Appraising Art from the Midwest
By Frank Radosevich II
April 8, 2013
The rich tradition of Midwestern printmaking and book arts was the focus of Bradley’s Inland Visual Studies Symposium, a two-day event that brings together regional artists and faculty to discuss the unique elements of Midwestern art and design and its place in American culture.
The symposium, sponsored by the University’s Inland Visual Arts Center, highlights the visual arts produced and rooted in the Midwest, since too often the artwork coming from galleries in New York City or Hollywood studios overshadows the contributions of “inland” artists.
“We tend to think about visual culture as being concentrated on the East and West coasts primarily because the art markets and entertainment industry are located there,” said Dr. Paul Krainak, Bradley’s art department chair and direct of the Inland Center. “We need to be more open and shine a better light on visual arts production in the Midwest.”
The fourth of its kind since it was established five years ago, this year’s symposium focused on the traditional art of print and bookmaking, featuring demonstrations by regional artists on their techniques and tools used. Karen Kunc, an art professor at the University of Nebraska-Lincoln, showed how she carved into birch-veneer plywood blocks before applying oil-based inks to the wood and feathering the ink with her fingers or a cloth.
“You have to play with the ink with your hands,” she said. “It’s a process of discovery.”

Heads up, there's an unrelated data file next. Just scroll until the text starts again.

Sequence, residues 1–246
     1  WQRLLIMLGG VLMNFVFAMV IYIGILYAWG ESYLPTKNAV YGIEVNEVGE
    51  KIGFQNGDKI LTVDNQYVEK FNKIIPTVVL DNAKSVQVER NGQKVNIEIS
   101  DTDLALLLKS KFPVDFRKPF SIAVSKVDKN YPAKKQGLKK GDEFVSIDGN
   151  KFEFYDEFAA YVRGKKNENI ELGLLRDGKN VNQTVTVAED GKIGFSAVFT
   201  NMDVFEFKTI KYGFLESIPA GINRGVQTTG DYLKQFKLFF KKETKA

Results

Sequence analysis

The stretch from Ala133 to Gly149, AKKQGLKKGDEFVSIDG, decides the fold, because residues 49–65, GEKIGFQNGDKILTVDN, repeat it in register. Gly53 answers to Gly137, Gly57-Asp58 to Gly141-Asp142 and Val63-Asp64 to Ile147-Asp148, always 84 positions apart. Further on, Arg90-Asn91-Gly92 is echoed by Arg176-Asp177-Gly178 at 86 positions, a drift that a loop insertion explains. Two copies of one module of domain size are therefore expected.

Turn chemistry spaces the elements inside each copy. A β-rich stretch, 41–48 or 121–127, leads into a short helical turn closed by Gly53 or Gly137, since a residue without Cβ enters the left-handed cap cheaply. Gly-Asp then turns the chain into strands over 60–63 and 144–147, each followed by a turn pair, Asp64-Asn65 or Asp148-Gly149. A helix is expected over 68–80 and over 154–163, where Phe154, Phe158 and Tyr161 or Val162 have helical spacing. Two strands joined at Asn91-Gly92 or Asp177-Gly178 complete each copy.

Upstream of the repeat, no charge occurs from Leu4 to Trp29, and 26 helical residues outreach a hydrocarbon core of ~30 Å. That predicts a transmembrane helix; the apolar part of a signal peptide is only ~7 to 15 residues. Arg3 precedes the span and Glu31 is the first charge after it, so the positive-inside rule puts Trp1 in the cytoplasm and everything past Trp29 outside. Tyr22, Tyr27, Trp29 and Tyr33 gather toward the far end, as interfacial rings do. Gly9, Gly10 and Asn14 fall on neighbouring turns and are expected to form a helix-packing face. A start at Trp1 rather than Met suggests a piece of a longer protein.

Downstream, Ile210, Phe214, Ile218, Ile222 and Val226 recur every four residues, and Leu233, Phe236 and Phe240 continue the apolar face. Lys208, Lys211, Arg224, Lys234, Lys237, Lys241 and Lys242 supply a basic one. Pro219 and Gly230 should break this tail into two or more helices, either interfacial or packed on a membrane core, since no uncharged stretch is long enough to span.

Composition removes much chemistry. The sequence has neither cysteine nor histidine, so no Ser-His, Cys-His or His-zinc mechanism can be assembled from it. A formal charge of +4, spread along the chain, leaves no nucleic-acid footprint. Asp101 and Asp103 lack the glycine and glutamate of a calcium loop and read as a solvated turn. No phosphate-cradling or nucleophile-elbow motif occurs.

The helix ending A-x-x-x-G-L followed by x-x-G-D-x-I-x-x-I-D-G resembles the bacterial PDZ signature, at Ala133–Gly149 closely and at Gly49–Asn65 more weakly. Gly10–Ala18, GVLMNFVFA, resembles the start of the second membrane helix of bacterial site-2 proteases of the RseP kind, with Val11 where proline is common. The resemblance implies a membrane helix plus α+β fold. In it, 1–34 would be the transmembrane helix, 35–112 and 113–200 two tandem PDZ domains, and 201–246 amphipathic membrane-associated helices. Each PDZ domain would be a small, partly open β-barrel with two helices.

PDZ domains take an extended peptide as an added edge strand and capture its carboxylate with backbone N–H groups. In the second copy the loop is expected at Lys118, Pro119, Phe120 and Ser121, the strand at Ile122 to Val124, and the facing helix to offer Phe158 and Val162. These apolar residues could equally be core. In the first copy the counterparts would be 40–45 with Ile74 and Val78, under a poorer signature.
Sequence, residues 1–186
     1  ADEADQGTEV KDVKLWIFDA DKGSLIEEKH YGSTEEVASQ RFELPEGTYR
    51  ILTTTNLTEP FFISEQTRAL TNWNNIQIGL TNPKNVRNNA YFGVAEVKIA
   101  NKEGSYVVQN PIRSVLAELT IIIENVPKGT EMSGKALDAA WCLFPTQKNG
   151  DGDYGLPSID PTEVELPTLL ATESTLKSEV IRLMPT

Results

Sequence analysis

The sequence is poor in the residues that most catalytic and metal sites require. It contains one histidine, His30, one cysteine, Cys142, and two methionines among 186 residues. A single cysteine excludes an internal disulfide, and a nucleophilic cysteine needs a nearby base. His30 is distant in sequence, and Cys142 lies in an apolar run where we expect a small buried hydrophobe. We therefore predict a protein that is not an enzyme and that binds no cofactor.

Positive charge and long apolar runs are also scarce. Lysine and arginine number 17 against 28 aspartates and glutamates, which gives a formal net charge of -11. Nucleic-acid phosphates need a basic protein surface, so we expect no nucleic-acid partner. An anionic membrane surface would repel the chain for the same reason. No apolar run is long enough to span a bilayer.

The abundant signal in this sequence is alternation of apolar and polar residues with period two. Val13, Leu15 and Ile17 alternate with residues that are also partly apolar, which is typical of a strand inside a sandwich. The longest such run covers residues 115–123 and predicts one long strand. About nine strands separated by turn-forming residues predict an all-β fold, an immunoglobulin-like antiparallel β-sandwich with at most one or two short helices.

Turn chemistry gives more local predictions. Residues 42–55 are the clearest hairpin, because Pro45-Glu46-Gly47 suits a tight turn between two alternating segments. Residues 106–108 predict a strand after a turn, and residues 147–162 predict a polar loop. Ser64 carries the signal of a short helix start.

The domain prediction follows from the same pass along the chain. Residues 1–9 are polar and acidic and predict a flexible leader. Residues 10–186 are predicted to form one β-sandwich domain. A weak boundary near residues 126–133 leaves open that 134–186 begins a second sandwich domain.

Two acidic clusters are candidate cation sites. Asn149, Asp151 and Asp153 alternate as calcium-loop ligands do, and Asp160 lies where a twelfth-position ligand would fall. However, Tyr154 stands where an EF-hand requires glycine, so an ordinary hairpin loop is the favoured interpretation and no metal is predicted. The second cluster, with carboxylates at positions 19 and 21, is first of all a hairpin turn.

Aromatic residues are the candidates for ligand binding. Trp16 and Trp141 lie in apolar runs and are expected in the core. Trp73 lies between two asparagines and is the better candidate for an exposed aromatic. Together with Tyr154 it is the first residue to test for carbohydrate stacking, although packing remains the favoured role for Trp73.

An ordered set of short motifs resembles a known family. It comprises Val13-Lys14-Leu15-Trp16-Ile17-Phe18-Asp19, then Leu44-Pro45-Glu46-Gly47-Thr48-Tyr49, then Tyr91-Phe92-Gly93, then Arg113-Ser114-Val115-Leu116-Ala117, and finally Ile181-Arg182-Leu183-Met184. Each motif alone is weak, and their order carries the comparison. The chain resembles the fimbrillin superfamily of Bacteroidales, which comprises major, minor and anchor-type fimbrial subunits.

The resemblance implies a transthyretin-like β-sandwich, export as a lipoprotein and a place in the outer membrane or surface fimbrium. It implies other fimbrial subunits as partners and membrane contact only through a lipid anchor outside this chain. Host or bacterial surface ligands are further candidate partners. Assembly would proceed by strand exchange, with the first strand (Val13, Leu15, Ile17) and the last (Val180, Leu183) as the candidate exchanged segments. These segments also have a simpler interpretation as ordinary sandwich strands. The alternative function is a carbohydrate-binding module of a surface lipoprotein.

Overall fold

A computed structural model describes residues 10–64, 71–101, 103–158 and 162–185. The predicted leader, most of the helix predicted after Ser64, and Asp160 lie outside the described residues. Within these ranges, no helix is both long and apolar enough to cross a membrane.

In addition to the demonstrations, the symposium offered a reception, film screening and a panel discussion featuring several artists detailing their work and views on what it means to be an artist in the Midwest. Panel members included Krainak; Kunc; Susan Goldman, a filmmaker and professor of printmaking at George Mason University; Julia Leonard, an art professor at the University of Iowa; and Regin Igloria, director of artists-in-residence at the Ragdale Foundation.
Krainak pointed to the Midwestern influence on industrial design, architecture and music like blues and jazz as evidence of the regions significance. He said the focus on print and book arts this year was deliberate since the modern day forms of the crafts emerged from the area.
“It’s a fine art discipline that’s really owned by the Midwest,” he said.
Bradley houses the visual studies center and partners with Washington University and Ohio State University. The academic center is devoted to the study of visual practices in Mid-America, their expressions in the media, popular culture and art in other parts of the country and world.